Title: Blood Red Road
Author: Moira Young
Genre: Adventure, Post-Apocalyptic, Speculative Fiction, Young Adult
Publisher: Margaret K. McElderry (Simon & Schuster)
Publication Date: June 2011
Hardcover: 459 pages
Saba has spent her whole life in Silverlake, a dried-up wasteland ravaged by constant sandstorms. The Wrecker civilization has long been destroyed, leaving only landfills for Saba and her family to scavenge from. That’s fine by her, as long as her beloved twin brother Lugh is around. But when a monster sandstorm arrives, along with four cloaked horsemen, Saba’s world is shattered. Lugh is captured, and Saba embarks on an epic quest to get him back.
Suddenly thrown into the lawless, ugly reality of the world outside of desolate Silverlake, Saba is lost without Lugh to guide her. So perhaps the most surprising thing of all is what Saba learns about herself: she’s a fierce fighter, an unbeatable survivor, and a cunning opponent. And she has the power to take down a corrupt society from the inside. Teamed up with a handsome daredevil named Jack and a gang of girl revolutionaries called the Free Hawks, Saba stages a showdown that will change the course of her own civilization.
Blood Red Road has a searing pace, a poetically minimal writing style, violent action, and an epic love story. Moira Young is one of the most promising and startling new voices in teen fiction.
Stand alone or series: Book 1 in the Dustlands series
How did I get this book: ARC from the Publisher
Why did I read this book: Blood Red Road received a whole lotta pre-publication buzz (being optioned for film by none other than Ridley Scott!), and I had some seriously high hopes for this book. SUCH high hopes, in fact, that I didn’t want to disappoint myself. I didn’t want to read the book until the time was juuuuust right. So I pushed it off. And I pushed it off. And then, holy crow, somehow it became December before I knew it, and FINALLY it was time. I like waiting until the end of the year to read the really, really good ones – what can I say?
Lugh got born first. On Midwinter Day when the sun hangs low in the sky. Then me. Two hours later.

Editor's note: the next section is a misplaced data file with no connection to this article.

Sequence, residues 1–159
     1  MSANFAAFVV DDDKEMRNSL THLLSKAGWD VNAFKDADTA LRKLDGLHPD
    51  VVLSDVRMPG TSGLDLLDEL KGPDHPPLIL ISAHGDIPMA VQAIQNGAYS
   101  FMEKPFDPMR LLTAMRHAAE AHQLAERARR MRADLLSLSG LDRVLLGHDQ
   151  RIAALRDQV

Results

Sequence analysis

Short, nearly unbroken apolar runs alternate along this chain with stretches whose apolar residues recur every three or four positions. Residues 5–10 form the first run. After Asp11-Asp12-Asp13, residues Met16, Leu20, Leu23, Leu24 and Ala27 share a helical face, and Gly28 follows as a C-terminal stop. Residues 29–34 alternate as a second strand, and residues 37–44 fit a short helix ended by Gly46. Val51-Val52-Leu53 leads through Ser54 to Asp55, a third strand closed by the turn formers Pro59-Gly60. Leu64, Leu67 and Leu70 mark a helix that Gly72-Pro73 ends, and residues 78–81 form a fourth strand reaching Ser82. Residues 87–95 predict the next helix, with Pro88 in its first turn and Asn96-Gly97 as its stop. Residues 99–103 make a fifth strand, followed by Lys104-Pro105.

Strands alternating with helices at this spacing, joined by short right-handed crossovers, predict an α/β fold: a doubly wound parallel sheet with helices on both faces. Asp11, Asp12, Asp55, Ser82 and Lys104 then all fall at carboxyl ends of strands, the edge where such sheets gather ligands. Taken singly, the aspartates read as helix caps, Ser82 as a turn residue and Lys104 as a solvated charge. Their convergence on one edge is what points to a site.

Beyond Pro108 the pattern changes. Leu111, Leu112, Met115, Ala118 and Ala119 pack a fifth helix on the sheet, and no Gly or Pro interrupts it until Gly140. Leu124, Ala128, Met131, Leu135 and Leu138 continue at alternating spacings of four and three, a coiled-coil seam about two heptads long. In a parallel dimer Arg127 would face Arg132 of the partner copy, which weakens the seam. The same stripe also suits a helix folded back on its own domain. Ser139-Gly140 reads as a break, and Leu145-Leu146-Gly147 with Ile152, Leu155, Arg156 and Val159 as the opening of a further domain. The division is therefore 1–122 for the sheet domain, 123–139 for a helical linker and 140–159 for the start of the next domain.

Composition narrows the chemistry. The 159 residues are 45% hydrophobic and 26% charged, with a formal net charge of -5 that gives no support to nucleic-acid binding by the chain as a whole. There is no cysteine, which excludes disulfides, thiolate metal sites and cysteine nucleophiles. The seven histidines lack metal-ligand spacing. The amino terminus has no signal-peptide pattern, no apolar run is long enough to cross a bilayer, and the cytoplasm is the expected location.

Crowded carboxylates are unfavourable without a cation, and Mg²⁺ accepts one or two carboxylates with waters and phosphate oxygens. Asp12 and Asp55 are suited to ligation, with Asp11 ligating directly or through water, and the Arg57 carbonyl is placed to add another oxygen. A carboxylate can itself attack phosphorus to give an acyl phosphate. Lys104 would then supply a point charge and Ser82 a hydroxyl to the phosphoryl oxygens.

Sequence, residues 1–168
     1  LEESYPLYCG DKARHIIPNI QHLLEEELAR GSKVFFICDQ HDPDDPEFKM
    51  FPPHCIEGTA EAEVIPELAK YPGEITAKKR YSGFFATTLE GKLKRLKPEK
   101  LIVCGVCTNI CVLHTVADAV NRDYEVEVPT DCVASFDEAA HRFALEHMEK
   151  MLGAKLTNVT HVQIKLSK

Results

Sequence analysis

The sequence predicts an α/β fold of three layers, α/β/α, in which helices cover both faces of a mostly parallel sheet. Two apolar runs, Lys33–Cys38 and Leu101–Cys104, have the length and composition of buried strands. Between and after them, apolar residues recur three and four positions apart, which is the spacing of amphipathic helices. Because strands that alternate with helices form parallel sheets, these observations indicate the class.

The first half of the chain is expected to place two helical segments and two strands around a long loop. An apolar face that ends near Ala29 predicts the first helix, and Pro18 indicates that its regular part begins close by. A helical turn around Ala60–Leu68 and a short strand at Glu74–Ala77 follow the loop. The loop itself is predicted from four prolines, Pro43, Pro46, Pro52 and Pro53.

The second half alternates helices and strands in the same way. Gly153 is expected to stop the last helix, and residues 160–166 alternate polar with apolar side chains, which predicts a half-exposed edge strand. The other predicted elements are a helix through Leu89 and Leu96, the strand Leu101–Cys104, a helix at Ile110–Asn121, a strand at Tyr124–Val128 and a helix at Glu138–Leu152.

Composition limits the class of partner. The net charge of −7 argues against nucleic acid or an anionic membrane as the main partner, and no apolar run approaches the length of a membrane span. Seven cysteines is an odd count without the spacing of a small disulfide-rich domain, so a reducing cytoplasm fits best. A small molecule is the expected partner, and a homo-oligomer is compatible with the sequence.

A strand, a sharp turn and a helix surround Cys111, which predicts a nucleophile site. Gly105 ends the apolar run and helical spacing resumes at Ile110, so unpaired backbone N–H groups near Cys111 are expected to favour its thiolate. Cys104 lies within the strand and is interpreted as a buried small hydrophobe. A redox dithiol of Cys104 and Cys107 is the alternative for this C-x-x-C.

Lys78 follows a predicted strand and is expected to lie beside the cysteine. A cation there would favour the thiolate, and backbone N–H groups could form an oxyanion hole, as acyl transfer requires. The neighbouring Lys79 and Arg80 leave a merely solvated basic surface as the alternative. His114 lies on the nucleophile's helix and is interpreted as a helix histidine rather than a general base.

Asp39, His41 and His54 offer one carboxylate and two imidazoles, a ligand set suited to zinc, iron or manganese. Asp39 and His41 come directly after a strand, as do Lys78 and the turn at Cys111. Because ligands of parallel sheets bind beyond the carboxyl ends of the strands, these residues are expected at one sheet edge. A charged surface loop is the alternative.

That pretty much says it all.
Lugh goes first, always first, an I follow on behind.
An that’s fine.
That’s how it’s meant to be.
Since their birth, twins Saba and Lugh have never been separated. After their mother dies birthing their little sister Emmi and their father loses reason, Lugh and Saba still stick together, making what home they can in Silverlake, even as the lake dries up and the unforgiving desert claims a little more land each day. Lugh is the light to Saba’s dark, the morning to her night. He goes first, and everyone listens to him. As long as they’re together, that’s all that matters to Saba. That’s how it has always been, and how it always should be.
But then, on the heels of a devastating dust storm, a group of hooded men ride into their isolated home, killing their father and taking Lugh as their prisoner. Enraged and determined, eighteen year old Saba vows that she will find her brother and bring him home. With her stubborn nine year old sister Emmi in tow, Saba sets off across a desert wasteland to find Lugh, no matter the cost.
I am glad, my dear fellow readers. I am so glad that, like a miserly kid protecting her Lunchable desert Reese’s Peanut Butter Cup, I hoarded this book until the very end of the year. Because Blood Red Road? It’s everything I wanted. And then some.
Moira Young’s debut novel is breathtakingly cinematic, both in description and in the pace of action, and it’s easy to see why the film rights for the novel were scooped up so quickly (and by the illustrious Ridley Scott, no less) prior to publication. Reminiscent of old Hollywood Westerns (starring Saba as gunslinger), blended with a generous influence of Mad Max (Blood Red Road manages to embrace and pay homage to *both* the Road Warrior AND Beyond Thunderdome incarnations) and Ridley Scott’s own Gladiator, tossed with one part impossible visual fantasy (at one point evoking that Adventures of Tintin trailer with a giant ship sailing over a sand dune sea), Young’s Blood Red Road is a feast for the imagination. The story is, by definition, a dystopian and a post-apocalyptic novel, set in the dusty aftermath of “Wreckers” (aka our current high-tech society) who have ruined the world with their technology.1 Entire civilizations are swept under ever shifting layers of sand and dust, and the Earth is a parched, brutal place under the rule of a mad King who controls his minions with fear and an addictive drug called chaal. But beyond the sweeping desert vistas, the post-apocalyptic wasteland, and the non-stop action, the novel truly excels because of its characterizations – particularly Saba’s character arc.